Poor skeletal structure or jaw alignment can cause chronic pain, dental or orthodontic problems, sleep disorders, breathing problems, or speech impediments. Since facial malformation or damage is so apparent, it can create psychological and emotional trauma as well as a social stigma for the patient.

“Procedures can make a huge change in a person’s appearance. It’s more than just surgery—it really does change people’s lives,” said Sabine Girod, MD, DDS, PhD, FACS, an associate professor of surgery, who spoke at a presentation sponsored by the Stanford Health Library. Dr. Girod specializes in oral and maxillofacial surgery (OMS), a specialty that combines dental, medical, and surgical skills.

Improved Techniques
Surgical techniques have changed drastically over the past decade. Instruments have been refined, and stabilizing techniques have made procedures safer, more comfortable, and with more predictable outcomes. Procedures have been shortened to as little as three to four hours, and most are now minimally invasive and done on an outpatient basis. Corrections are performed inside the mouth or under the lip, leaving no facial scars.

Orthognathic surgery is used when jaws don’t meet correctly, such as when the lower jaw juts out or teeth are misaligned, to correct function and balance. This not only improves facial appearance but also ensures that teeth meet correctly and function properly. The surgery can improve chewing, speaking, and breathing, as well as improve the appearance of the chin and jaw.

The practice has been used for more than 30 years, though in the past a patient’s jaw usually was wired shut for several weeks after the procedure to keep it stabilized while the bone realigned. Today small titanium plates are attached to the jaw that can be adjusted with bands that can easily be taken off for talking or eating. Food must be soft to avoid putting pressure on the jaw as it heals.

“The plates are stable enough that the jaw never needs to be wired shut,” said Dr. Girod. “The plates used in orthognathic surgery represent one of the field’s most dramatic advances.”

Growing New Bone
Distraction osteogenesis is the surgical technique of generating new bone by progressive stretching of divided segments. The jaw is cut and pulled apart slowly with a distractor in small increments, which allows new cells to grow between the segments. Once the new bone is strong enough, Dr. Girod removes the distraction device. The technique is used mostly in children with congenital deformities but also is used in adults to correct asymmetry and misalignment in the upper and lower jaw.

Since children’s bones are not yet completely fused, another minimally invasive procedure called orthodontic distraction can be used to repair facial and jaw deformities. The facial bones are pulled out using plates inserted into the jaw bones that are adjusted with rubber bands over time.

“There is a benefit to doing these corrective procedures in kids while they are young instead of waiting for them to get older,” Dr. Girod said. “Not only is the bite corrected, the facial deformity is removed and there is an improvement in facial aesthetics.”

Dr. Girod is a specialist in maxillomandibular advancement, a surgery for obstructive sleep apnea that opens the airway for easier breathing during sleep. Current treatment involves realigning the jaw 10-15mm; she is involved in studies to determine whether less displacement of the jaw will result in predictable and positive outcomes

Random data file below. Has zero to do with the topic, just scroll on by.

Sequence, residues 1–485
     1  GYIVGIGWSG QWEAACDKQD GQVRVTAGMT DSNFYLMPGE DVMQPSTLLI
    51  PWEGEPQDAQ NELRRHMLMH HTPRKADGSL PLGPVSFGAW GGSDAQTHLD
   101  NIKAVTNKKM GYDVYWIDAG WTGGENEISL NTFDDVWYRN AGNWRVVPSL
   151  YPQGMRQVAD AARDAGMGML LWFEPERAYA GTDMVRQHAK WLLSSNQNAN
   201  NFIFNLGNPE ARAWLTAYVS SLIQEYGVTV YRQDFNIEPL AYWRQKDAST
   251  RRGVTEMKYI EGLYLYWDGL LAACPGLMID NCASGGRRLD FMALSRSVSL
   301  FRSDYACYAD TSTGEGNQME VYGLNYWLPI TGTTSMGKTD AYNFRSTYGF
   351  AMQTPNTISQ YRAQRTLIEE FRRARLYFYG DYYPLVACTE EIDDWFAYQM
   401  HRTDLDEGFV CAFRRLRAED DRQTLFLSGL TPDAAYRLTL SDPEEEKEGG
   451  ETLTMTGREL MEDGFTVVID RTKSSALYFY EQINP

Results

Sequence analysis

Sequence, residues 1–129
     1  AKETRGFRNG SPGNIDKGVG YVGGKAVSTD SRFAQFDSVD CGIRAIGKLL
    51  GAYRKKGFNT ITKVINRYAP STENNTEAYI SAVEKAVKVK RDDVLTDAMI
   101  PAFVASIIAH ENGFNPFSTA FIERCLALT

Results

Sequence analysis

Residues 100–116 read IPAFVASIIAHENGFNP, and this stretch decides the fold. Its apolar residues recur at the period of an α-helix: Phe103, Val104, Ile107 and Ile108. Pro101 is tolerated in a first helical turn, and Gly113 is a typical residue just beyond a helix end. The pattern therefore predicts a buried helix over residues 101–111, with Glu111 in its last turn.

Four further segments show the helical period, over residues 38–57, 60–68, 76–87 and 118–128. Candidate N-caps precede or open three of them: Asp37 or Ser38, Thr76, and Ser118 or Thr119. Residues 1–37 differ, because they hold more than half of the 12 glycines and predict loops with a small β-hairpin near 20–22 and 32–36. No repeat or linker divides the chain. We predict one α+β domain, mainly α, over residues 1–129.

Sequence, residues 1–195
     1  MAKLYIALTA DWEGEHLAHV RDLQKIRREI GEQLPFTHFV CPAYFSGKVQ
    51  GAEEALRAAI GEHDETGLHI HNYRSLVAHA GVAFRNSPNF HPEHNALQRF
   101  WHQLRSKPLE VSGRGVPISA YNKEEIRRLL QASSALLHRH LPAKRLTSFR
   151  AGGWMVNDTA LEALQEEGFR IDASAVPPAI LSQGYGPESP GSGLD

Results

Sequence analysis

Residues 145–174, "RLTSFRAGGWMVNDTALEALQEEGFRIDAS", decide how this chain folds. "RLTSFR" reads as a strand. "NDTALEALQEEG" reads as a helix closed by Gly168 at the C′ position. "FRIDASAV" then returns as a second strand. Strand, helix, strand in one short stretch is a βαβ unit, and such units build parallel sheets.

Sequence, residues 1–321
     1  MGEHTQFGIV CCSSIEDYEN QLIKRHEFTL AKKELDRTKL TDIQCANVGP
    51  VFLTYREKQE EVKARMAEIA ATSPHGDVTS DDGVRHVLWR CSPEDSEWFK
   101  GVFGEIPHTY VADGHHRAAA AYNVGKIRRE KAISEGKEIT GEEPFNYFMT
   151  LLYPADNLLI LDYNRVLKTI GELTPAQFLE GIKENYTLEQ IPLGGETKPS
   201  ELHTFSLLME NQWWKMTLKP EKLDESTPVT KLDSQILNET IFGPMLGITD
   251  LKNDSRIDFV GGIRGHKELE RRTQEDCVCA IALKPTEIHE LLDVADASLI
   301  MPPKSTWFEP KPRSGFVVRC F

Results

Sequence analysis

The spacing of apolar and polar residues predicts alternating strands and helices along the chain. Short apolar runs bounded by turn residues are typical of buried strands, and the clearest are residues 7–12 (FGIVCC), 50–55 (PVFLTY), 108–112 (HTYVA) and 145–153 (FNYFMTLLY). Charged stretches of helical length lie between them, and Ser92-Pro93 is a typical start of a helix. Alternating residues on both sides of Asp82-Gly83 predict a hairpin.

Revolutionary Advances
Another revolutionary improvement is in the use of computer imaging. Computer modeling and virtual simulation are used both to plan procedures before Dr. Girod and her team head into the operating room and to show patients how they will look after the surgery.

“I used to make plaster molds of each patient to plan the surgery. Now I prepare with computer modeling,” she said. “It’s a big improvement.”

Treatment begins with meticulous measurements, photos, X-rays, skeletal analyses, and CT and MRI imaging scans that are consolidated into a composite image. Computer modeling creates precise three-dimensional mockups that are used to plan the operation and practice the steps that need to be taken. Dr. Girod uses Digital Imaging and Communications in Medicine (DICOM), a system for storing, printing, and transmitting medical imaging information, to create virtual fly-throughs of the skull to assess all aspects of the patient’s anatomy. This painstaking planning process ensures that the surgery will result in improved symmetry and function.

“I can see in three dimensions exactly how I need to move the jaw and go into surgery with guides for navigation and follow-up,” she said. “The advances over the past 10 years are simply amazing and bring us that much closer to providing personalized care.”

Dr. Girod has a special interest in refining virtual surgical simulations to plan surgical outcomes. She is collaborating with Da Vinci, a company that designs robotic surgical systems, to apply robotics to enhance facial contouring procedures, and she described new inroads in augmented reality that use surgical navigation systems that superimpose X-rays over the patient during an operation. Other research is developing “smart” contact lenses that project anatomical images into the eye.

About the Speaker
Sabine Girod, MD, DDS, PhD, FACS is an associate professor of surgery (plastic and reconstructive surgery) and, by courtesy, of otolaryngology-head and neck surgery. An expert in oral and maxillofacial surgery, she is chief of Stanford’s Oral Medicine and Maxillofacial Surgery Service and director of the Stanford Plastic Surgery Adult Clinic. She received her degree in dentistry from the University of Bonn in Germany and continued her medical training, residencies, and fellowship at Harvard Medical School, the University of Cologne, and Hannover Medical School in Germany. She has been at Stanford since 2000.